Learning to See Requires More Than Just Eyesight
Although most people take it for granted, learning how to see is a very difficult task. An intriguing case study published in the September issue of Nature Neuroscience describes a man's recovery from 40 years of blindness and should help scientists better understand how the human visual system functions.
Ione Fine of the University of California at San Diego and her colleagues followed Michael May, a 43-year-old man who had been blind since the age of three and a half, as he recovered from experimental stem-cell surgery. The procedure restored sight to his right eye in March of 2000. Ever since, he has been struggling to adapt to a viewable world, a common problem for people who have regained their sense of vision after years of blindness. May finds it particularly difficult to interpret faces and facial expressions--during testing, he could correctly identify a face as male or female only 70 percent of the time, and expressions as happy, neutral or sad 61 percent of the time. In addition, seeing only the face of his own wife is still not enough for him to identify her, and he relies on clues such as hair length or gait to help him recognize people.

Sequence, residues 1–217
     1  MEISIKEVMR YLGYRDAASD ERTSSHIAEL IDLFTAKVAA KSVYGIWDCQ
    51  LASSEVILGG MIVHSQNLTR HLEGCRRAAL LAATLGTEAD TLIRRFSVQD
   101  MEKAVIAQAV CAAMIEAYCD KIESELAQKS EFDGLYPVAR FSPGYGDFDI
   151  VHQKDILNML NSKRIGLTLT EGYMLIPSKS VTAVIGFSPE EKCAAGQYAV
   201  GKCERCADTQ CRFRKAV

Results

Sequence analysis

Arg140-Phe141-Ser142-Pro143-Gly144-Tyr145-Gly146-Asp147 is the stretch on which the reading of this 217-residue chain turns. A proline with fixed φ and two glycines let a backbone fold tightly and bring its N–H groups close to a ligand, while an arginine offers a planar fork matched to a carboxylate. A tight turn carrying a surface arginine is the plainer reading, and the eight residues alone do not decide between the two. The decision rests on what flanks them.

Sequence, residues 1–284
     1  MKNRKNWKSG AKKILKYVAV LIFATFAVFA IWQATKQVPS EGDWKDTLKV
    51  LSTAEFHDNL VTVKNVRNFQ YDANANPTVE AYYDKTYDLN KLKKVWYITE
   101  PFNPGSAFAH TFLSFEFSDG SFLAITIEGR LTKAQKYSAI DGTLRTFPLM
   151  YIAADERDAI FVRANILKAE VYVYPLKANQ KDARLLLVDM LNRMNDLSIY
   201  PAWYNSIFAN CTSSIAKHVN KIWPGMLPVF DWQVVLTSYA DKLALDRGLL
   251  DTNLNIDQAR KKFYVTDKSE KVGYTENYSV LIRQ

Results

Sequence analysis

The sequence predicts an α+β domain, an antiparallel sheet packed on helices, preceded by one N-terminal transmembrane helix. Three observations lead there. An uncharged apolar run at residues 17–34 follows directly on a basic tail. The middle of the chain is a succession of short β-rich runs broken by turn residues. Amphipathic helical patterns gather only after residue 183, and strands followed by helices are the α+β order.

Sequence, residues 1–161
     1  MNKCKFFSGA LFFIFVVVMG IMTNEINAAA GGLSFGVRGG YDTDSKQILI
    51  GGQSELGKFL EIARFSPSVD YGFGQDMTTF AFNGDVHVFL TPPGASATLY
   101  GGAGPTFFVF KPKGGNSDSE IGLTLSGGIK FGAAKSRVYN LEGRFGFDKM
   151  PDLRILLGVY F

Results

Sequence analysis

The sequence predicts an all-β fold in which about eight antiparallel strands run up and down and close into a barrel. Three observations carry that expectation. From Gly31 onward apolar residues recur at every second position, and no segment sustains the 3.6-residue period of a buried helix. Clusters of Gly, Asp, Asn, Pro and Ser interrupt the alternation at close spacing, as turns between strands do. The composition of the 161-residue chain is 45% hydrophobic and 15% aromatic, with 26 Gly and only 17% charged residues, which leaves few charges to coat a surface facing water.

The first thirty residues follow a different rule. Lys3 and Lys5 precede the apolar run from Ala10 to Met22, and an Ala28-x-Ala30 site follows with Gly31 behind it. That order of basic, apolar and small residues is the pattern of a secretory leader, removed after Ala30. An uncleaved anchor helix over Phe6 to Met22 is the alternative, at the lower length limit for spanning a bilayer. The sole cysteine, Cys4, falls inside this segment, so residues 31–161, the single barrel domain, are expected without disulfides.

To determine what causes these difficulties, the scientists used functional magnetic resonance imaging (fMRi) to track activity in May's brain as he processed the world around him. Although May's ability to perceive simple forms, colors and motion is essentially normal, the investigators found that when he looks at faces or three-dimensional objects, the brain region active in sighted people during identification is not utilized. This suggests that different parts of the visual system develop at different times, the authors note, with motion processing being more hard-wired and forming very early in life. "The old idea that there is one picture of the world on the surface of the visual cortex is far too simple," remarks study co-author Donald I. A. MacLeod of the University of California at San Diego. "In fact, we probably have a couple dozen maps, each representing a different mode for sensing and taking in our environment." As for May, he is slowly coming to terms with his sight. "The difference between today and two years ago is that I can better guess at what I am seeing," he says. "What is the same is that I am still guessing." --Sarah Graham [Scientific American August 25, 2003 ]